In fact, someone actually sued an identity theft protection
company, claiming that their use of fraud alerts caused his credit score to be lowered.
Do fraud alerts affect your credit score?
This, of course, raises an important question. Is the person filing the lawsuit correct? Did his credit score drop because of fraud alerts placed on his credit report from the identity theft protection company?
According to a spokesman for TransUnion, one of the credit reporting agencies, fraud alerts don’t harm your credit score in any way whatsoever. The FICO formula that has been developed to calculate a credit score as an indicator of a person’s credit worthiness doesn’t take fraud alerts into account.
There may be other harmful effects
There are some ways that those fraud alerts could cause some difficulty for you in other ways. For example, it might slow down how long it takes for you to be able to get a loan. Add to that the fact that these alerts are now being used as a safeguard rather than as a response to a specific threat or incident, the lender may pay less attention to the alerts overall.
Ultimately, there are more effective methods of identity theft protection than a fraud alert, and many of the major identity theft protection companies have stopped using them altogether.
Our All Time Favorite Thieves
In the days of old, they locked their doors or turned the sheriff loose on thieves. These days, we need identity theft protection to protect us from the most nefarious criminals of our day.
- Robin Hood. The noble outlaw of England’s Sherwood Forrest robbed from the rich and gave to the poor, displaying amazing acts of daring do and unthinkable skill with the English longbow in the process. Together with his band of merry men, Robin Hood claims the top spot of our all time favorite thieves.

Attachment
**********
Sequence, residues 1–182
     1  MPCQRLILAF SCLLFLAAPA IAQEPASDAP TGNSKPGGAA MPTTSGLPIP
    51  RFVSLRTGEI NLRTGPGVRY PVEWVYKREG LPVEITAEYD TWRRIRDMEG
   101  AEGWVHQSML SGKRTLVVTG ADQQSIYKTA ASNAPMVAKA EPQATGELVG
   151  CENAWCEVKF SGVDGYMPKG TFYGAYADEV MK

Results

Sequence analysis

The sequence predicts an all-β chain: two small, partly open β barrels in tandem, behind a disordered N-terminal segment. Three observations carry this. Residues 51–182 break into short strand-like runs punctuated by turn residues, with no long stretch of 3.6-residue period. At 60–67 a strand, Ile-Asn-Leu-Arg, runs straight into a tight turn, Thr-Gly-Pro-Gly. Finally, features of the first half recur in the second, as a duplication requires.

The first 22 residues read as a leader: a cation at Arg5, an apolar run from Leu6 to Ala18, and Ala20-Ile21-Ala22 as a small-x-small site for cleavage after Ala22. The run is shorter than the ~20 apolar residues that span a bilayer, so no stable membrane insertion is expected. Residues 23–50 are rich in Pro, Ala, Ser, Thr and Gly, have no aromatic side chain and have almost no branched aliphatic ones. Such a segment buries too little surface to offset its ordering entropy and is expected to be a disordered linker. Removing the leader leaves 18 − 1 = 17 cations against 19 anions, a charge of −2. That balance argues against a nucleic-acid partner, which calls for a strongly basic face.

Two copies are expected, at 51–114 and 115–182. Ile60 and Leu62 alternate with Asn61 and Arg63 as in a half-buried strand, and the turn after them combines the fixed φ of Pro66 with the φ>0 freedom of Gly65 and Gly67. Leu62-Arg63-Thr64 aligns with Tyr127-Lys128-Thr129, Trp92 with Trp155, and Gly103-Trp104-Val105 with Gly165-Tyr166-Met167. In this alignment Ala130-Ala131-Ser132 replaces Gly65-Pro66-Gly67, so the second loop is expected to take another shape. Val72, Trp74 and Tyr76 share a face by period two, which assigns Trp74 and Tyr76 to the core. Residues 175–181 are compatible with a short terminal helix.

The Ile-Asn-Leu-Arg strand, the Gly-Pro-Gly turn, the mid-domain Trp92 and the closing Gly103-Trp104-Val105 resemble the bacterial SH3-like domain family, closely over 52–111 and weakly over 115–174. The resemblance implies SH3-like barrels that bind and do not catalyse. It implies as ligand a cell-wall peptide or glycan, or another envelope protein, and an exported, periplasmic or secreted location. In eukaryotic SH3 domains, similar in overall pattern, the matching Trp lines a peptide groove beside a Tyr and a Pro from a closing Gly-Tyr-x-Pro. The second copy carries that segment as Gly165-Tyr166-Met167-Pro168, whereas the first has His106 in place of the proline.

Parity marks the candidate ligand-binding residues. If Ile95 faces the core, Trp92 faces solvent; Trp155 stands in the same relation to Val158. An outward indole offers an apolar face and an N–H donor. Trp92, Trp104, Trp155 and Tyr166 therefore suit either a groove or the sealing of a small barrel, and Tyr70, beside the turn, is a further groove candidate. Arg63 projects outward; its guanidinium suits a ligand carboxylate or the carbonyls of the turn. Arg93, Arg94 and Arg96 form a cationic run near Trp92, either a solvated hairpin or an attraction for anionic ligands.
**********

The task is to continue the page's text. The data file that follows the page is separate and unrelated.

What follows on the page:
- Bilbo Baggins. The original hobbit, Bilbo Baggins took his turn at thievery when he stole the ring from Golem’s cave while on his way to slay the dragon Smaug. What ensues is perhaps the best trilogy in the history of mankind.
- Bonnie and Clyde. There are bank robbers, and then there are bank robbers. Bonnie and Clyde robbed banks with a swagger and style that just wouldn’t have been possible outside of the 1930s.
- The Artful Dodger. Never mind the sniveling little orphan brat. The Artful Dodger had style. Not only could he pick a pocket or two, but he could charm the socks off of the lady thieves while doing it.
- Jesse James. No, not the tattooed knucklehead who works on motorcycles. We mean the real Jesse James. The son of a Baptist preacher, you could say he went astray, but you’d be understating things a bit. Jesse and his brother Frank returned from the Civil War full of piss and vinegar and started a reign of terror that stretched all the way north to Minnesota.
- Don Corleone. This guy had a sense of honor a mile long, which is what made all of us love The Godfather, even though he was the worst kind of thug in most respects. We thought about leaving him off of this list, but he made us an offer we couldn’t refuse .
- The identity thief. What’s that? You don’t really like this one? Well, you might as well invite him over to dinner and hand him your credit cards if you don’t have identity theft protection .